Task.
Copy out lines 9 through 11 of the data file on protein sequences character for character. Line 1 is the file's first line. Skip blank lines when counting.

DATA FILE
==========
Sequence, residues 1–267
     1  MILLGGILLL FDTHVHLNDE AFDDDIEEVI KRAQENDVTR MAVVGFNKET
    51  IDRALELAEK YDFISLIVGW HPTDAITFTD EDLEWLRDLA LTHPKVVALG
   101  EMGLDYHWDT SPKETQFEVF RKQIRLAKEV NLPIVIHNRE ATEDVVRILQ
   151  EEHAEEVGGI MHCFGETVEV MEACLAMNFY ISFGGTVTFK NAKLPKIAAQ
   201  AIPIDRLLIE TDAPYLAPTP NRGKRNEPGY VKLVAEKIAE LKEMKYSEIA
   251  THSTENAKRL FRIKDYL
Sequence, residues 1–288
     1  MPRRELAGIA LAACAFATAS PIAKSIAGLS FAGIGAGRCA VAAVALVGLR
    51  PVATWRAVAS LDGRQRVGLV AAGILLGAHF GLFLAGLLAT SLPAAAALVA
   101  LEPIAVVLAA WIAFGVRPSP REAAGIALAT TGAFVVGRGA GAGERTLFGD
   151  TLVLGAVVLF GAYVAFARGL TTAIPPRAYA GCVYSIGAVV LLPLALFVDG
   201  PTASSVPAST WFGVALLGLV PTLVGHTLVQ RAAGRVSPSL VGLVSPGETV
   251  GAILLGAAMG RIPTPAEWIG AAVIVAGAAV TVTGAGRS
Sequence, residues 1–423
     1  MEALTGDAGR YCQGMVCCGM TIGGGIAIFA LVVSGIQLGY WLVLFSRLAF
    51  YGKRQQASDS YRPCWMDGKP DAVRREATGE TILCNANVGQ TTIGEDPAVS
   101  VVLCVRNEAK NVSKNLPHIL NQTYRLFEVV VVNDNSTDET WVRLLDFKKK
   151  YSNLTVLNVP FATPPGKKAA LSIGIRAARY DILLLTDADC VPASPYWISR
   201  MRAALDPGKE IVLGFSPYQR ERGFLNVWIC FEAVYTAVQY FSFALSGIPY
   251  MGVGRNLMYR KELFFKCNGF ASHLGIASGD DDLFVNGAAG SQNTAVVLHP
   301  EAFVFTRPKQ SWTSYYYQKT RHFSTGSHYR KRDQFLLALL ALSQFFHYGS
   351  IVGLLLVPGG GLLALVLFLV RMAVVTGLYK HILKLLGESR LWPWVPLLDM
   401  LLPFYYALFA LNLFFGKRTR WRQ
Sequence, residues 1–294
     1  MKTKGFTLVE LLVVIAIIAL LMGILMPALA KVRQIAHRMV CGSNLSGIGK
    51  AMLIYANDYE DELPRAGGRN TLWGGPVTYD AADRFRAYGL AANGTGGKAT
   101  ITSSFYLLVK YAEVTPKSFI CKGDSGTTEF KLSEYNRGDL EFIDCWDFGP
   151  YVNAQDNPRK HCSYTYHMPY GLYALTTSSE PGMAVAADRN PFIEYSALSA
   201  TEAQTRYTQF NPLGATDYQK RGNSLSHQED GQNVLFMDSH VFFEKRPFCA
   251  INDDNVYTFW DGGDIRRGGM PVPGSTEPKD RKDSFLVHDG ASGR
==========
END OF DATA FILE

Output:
     1  MPRRELAGIA LAACAFATAS PIAKSIAGLS FAGIGAGRCA VAAVALVGLR
    51  PVATWRAVAS LDGRQRVGLV AAGILLGAHF GLFLAGLLAT SLPAAAALVA
   101  LEPIAVVLAA WIAFGVRPSP REAAGIALAT TGAFVVGRGA GAGERTLFGD